Prodigal son set sights on Orange
Last updated 5/30/2017 at Noon
Photo: Bill Shaddock, center, joins members of his team at Orange’s Capital Title. An Orange native, Shaddock acquired Sabine Title May 15 and is owner and CEO of a company with 75 locations across the state.
For The Record
Orange didn’t so much as lose a well-known company name as it gained a big civic booster.
Orange native Bill Shaddock, the owner and CEO of Capital Title, which acquired Sabine Title on May 15, said he owes a lot to his upbringing in Orange and he wants to give back.
His father, Dr. C.B. Carroll Shaddock, Jr., was a longtime general practitioner in Orange. Bill Shaddock, the youngest of three sons, graduated from Orange Stark High School before leaving for college.
“I grew up in Orange,” the younger Shaddock said. “My dad was a doctor there for 35 years. I lived in the community, loved the community. I left to learn what I needed to learn and build what I chose to build but I now chose to bring it all back to my original hometown.”
Now in his mid 60s, Shaddock oversees a company that is the largest independently owned title company in the state of Texas, with more than 75 offices statewide.
And it’s just one of several of the family businesses.
Oldest brother Carroll is an attorney in Houston, while Bill and middle brother Peter, a Dallas homebuilder, are partners in a real estate development system. Bill’s children, William, Andrew and Caroline, are all working “in various stages of our business, in our office with me.”
Bill Shaddock met his wife, Kim, at Baylor, where he was studying for a law degree. Previously, he earned his bachelors in finance at TCU and a MBA at SMU.
“I was an attorney and a real estate attorney. Then I became a fee attorney, associated with the title business,” Shaddock recalled. “I started very, very small, just by myself.”
That was 1987.
Over the next 15 years, Shaddock grew and expanded his operation into the largest fee office network in the state with 25 offices in the Dallas-Fort Worth and Houston areas.
In 2006, Shaddock purchased Capital Title of Texas and merged his network into the new company.
Shaddock said his business did about $7,500 in revenues his first year. “This year, that business will do $100 million.”
And he credits his Orange upbringing.
“Look at our website: The 10 values and ideals that serve as the cornerstone of our company are things I learned growing up in Orange,” he said. “That’s what I’d credit Orange with.
“In my home, the church and the community. Those were strong values, the cornerstone of our entire company. It’s building personal relationships.”
In his dealings with Sabine Title employees, all of whom will remain in place, Shaddock said, he has already created relationships.
“It’s been a great change,” says Amy Yadon, escrow officer at the Orange Capital Title office. “Everyone is really excited in the community. The realtors, the lenders we deal with. It’s not like your big corporate company.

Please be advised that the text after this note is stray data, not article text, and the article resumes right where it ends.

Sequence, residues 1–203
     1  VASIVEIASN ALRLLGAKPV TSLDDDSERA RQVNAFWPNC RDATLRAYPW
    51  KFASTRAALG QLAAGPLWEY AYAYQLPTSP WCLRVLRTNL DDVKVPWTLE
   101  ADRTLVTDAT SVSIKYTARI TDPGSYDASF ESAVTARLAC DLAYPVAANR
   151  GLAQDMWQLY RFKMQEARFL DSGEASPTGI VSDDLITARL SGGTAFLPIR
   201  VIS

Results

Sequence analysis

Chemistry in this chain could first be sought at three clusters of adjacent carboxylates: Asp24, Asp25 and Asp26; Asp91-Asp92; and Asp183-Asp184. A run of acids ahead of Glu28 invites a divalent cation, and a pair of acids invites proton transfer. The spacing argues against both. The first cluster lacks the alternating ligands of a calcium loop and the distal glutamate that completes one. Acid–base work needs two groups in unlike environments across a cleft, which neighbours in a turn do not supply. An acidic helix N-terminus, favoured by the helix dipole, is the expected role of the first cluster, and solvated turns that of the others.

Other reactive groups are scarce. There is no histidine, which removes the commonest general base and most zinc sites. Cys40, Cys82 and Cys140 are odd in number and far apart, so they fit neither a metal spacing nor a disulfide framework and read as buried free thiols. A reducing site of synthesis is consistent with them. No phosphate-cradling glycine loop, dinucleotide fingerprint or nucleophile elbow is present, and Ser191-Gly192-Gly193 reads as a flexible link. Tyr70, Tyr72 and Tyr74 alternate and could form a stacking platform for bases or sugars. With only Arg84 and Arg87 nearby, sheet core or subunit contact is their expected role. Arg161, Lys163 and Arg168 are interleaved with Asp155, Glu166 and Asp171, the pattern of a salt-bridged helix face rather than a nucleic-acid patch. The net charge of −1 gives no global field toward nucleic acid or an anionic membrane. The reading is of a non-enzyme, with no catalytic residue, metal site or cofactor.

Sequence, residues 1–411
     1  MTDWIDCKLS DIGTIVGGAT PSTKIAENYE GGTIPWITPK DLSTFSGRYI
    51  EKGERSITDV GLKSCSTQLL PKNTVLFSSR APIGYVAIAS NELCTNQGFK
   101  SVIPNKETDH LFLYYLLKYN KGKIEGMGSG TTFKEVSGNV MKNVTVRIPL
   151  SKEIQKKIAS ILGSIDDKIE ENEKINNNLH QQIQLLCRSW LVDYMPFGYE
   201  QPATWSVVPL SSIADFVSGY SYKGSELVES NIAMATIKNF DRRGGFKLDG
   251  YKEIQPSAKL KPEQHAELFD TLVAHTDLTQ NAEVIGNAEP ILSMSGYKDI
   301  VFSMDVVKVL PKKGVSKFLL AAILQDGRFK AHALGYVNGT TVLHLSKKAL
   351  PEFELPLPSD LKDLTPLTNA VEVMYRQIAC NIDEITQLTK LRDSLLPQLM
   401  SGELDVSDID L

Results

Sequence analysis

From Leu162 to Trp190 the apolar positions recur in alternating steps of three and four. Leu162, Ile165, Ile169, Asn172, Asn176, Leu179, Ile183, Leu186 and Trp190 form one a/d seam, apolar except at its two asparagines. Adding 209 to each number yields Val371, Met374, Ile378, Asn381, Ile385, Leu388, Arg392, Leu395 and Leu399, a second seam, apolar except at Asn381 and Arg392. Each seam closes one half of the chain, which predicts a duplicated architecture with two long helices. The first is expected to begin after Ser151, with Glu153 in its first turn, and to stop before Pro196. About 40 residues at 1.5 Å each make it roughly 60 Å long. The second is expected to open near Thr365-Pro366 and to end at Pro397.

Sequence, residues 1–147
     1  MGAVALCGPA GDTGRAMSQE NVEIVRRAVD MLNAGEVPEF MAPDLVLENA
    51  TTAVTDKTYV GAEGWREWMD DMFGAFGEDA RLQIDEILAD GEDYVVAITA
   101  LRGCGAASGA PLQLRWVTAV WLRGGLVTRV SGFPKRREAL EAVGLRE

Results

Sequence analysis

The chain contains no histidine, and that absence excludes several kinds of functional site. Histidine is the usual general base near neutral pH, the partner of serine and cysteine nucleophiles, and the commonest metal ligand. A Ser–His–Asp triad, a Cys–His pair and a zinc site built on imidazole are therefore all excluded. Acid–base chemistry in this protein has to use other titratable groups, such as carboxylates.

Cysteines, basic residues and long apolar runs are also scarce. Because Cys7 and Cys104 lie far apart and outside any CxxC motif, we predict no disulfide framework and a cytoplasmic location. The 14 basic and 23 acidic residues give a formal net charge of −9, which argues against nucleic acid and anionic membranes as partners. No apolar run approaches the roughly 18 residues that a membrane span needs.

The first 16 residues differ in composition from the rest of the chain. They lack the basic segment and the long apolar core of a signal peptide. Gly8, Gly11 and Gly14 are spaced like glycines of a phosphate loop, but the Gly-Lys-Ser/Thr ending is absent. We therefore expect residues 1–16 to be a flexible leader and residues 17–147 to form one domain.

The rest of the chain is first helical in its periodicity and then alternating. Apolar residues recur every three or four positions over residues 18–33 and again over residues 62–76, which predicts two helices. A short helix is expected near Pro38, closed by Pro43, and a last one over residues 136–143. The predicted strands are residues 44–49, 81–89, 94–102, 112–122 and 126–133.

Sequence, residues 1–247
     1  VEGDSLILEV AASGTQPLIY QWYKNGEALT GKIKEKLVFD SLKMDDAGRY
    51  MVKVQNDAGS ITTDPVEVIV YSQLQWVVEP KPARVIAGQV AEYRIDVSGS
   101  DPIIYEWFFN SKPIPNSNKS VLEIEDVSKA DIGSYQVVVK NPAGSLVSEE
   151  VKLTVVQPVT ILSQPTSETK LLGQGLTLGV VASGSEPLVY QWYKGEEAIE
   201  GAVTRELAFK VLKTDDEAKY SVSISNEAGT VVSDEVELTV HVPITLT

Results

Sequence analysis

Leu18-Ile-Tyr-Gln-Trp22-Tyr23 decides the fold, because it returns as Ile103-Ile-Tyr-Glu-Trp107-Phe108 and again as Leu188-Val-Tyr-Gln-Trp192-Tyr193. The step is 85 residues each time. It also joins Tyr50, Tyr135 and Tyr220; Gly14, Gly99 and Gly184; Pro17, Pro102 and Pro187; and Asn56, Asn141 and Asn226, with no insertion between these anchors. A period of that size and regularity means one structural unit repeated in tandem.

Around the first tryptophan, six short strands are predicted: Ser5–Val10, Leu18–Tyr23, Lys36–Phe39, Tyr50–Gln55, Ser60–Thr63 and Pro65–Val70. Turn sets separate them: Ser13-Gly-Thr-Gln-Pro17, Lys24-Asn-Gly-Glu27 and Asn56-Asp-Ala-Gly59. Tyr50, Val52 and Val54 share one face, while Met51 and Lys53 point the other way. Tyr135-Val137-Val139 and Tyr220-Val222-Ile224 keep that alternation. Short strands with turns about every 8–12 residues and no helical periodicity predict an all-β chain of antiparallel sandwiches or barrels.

“Mr. Shaddock is probably the most personable man I’ve ever met. He’s so good to all of us.”
The company once owned by the late Lynwood Sanders – he did title work for the Toledo Bend Reservoir -- will continue to be run by Roger Conway, Shaddock said.
“We have retained all existing employees and hope to grow employment all the time,” Shaddock said.
Shaddock has been busy in his hometown for a while.
He looked into buying the Orange train depot a few years ago, about the same time as did Carrie Woliver, a Stark High classmate of his brother Peter.
“I stopped down there on one of my visits. It was unkempt and the weeds had grown around it. I told people to leave me a lawnmower and I’d cut the grass up there,” Bill Shaddock said.
Woliver and her husband bought the depot and helped create the Friends of the Orange Depot, to which they donated the building that has recently been restored.
“We were thrilled to hear that Bill’s company purchased Sabine Title,” Woliver said. “He’s quite an entrepreneur.
“Bill wanted to save the depot about the same time I did. Jay Trahan [Orange Director of Economic Development] put us together. He has served on the Friends of Orange Depot board since its inception in 2013.
“He supports us financially. For the last two years, he has been one of the larger sponsors of our gala.”
Shaddock said he has a keen interest in the work going on to bring a new hospital to Orange.
“Baptist Hospital leaving, that upsets me. My dad was part of the group that got that hospital going. He helped build the hospital,” Shaddock said. “I don’t like the fact that the hospital is not going. That is not OK with me. I’m going to try to do something about it.
“I’m an optimistic and positive attitude type person. We need to figure out what needs to be done and we need to get busy doing it.”
Shaddock says he loves the city where he grew up sacking groceries for Kroger’s on 16th Street and delivering clothes for Smith’s Reliable Cleaners.”
“We do have a state-wide organization but I do want to come back more than I have previously,” he said. “I decided if I came to Orange, it would make me much more attuned to the needs and able to help it.
“We’re not looking just to do business in Orange. We’re looking to build Orange. I want to be part of the group to build the city, build the county, build Orange and Orange County.
“What’s the old saying? Here I am Lord. Send me in coach. I’m there for good. What can we do to build Orange and Orange County into the best county in the United States?”